IMMIGRATION TERMINAL, DOVER
During the Third Year my architectural designs looked at the question of boundaries, be they physical or mental. Each project marked an important development in the journey of the individual. The initial project was for a passport control desk which marked a physical boundary, the grey area between being in 'no-man's land' and being accepted into your destination. The main project was for the Dover Passenger Handling Terminal (DPHT), and this dealt more with mental boundaries, since the building envelope acted as a place of destination as well as a ceremonial gateway to Britain.
At at time when the ongoing refugee crises in the Balkans is being constantly presented to us through the media, the project called in question the issue of refugee status, and also required me to examine not only the 'plight' of these peoples, but also our own perceptions of our environment and of these new entrants to the UK.
My scheme is designed to mark the physical boundary between countries, and the mental boundaries between 'staying and going'. Through a series of sliding elements in the building envelope, the project frames and dictates the views to and from the world that lies outside the terminal. Users are given discrete glimpses outside the authoritarian walls of govermental power. The succession of views that are achieved on passing through the building culminates in a large, framed 'picture postcard' view of the White Cliffs at the end. You leave the building, or indeed the country, with the stereotypical image that we have conditioned ourselves into believing in: the view of the sea, cliff and sky seemingly framed perfectly by the building. But this vision of tranquility is also revealed to be a haunted image, since the spectator also hears the noise of the port activities outside, with the rush of people and charging traffic. The subconscious reminder as you approach the exit is that the formal mental image of the 'picture postcard' is not quite what it seems.
The design of the building is intentionally monumental and brutal in its honesty, as well as providing a clear-cut threshold between country, zones of time, and states of mind. From the sea, the tectonics of the building appear to take on the qualities of an open door. What exactly lies through that brightly-lit opening ? Does it mark a process of tough offical interrogation, or the gateway to a new life ? As the building proceeds to call into question its own context and purpose, so too the viewer is encouraged to examine their own sense of boundaries, whether these be physical or mental.
IMMIGRATION TERMINAL, DOVER
Peter Williams' multi-layered work is built on the foundations of an unusually broad understanding of architecture and its cultural context. More importantly, it is driven by a finely-tuned social conscience.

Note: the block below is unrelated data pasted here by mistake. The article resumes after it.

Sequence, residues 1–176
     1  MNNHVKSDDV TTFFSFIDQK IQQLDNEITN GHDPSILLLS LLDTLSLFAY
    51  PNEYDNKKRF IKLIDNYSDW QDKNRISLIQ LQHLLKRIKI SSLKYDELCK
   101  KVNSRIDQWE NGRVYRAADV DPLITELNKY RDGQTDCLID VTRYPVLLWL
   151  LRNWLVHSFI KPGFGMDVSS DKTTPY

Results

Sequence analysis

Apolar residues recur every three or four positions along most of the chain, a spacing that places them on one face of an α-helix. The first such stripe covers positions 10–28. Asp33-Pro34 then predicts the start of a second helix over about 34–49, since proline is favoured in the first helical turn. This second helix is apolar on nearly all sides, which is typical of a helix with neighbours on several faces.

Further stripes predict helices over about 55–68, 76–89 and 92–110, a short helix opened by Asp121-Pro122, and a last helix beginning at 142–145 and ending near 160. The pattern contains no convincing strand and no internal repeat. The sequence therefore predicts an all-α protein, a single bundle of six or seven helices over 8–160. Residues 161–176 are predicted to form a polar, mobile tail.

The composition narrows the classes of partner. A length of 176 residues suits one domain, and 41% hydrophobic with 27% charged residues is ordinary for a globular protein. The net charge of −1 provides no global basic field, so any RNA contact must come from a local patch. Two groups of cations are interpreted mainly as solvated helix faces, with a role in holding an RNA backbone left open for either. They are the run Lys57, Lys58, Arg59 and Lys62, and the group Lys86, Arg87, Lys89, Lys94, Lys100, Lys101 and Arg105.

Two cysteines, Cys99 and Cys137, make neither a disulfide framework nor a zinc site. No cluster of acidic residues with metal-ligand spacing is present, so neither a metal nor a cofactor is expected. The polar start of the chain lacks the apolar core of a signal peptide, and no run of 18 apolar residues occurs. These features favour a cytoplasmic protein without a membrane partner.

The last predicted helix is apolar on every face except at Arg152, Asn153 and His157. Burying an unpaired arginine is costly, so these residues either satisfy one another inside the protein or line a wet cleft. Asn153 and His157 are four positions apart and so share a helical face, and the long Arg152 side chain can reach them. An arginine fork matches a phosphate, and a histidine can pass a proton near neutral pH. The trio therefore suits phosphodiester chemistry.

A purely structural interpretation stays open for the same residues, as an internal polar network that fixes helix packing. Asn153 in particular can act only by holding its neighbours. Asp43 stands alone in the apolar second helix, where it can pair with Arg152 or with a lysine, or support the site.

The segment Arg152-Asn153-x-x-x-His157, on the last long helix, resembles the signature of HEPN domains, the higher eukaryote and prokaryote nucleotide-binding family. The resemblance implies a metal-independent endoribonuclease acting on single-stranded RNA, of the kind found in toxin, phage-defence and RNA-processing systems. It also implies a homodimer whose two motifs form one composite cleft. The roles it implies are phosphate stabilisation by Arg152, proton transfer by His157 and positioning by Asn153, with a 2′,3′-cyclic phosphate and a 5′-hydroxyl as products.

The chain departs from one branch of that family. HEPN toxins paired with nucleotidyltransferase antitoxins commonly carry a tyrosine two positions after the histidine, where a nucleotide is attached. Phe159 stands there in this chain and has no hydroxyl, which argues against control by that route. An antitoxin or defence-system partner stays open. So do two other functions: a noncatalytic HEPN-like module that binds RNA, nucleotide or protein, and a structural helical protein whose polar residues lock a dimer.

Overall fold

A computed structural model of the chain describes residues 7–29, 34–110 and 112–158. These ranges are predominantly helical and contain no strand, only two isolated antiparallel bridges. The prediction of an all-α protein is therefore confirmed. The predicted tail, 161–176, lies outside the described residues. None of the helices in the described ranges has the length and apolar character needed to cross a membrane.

In our view, the project which he has submitted demonstrates an extraordinary versatility and conceptual range. His passport control desk was a study of the complex power relations and psychological anxieties that come into play in the few seconds that it takes for a passport to be checked. Here the tensions between the traveller and the guard, the individual and the state, and the body and authoritarian space, all come into play. The project is used mainly as a means of charting an existing reality through drawing.
From the English Channel side, his proposal for a Dover Immigration Terminal presents a somewhat forbidding and rusting steel wall. It responds to the scale of the site and stands out against the backdrop of the white cliffs. Initially it can be seen as a fragment of 'Fortress Britain', whose immigration policies are seen by many as excessively prohibitive. But the scheme is also shot through with moments of optimism. The two main planes are split, elevated, and cranked to suggest a door which is ajar but in balance. The journey through the building follows a sequence of compression and release to dramatise the moment of embarkation (ever since the advent of Eurostar, after all, what does ferry travel have going for it other than its more acutely tangible experiences). Just before leaving the building, the traveller is presented with a postcard made real and gigantic by the insertion of a large framed view of the cliffs. All sorts of questions are asked here about the myth of place, and about the traveller's experience of their environemnt.
Peter is a student who excels in every department. He always reworks, refines and hones his work in pursuit of the highest possible standards.
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• Entry Date: 08 January 1999
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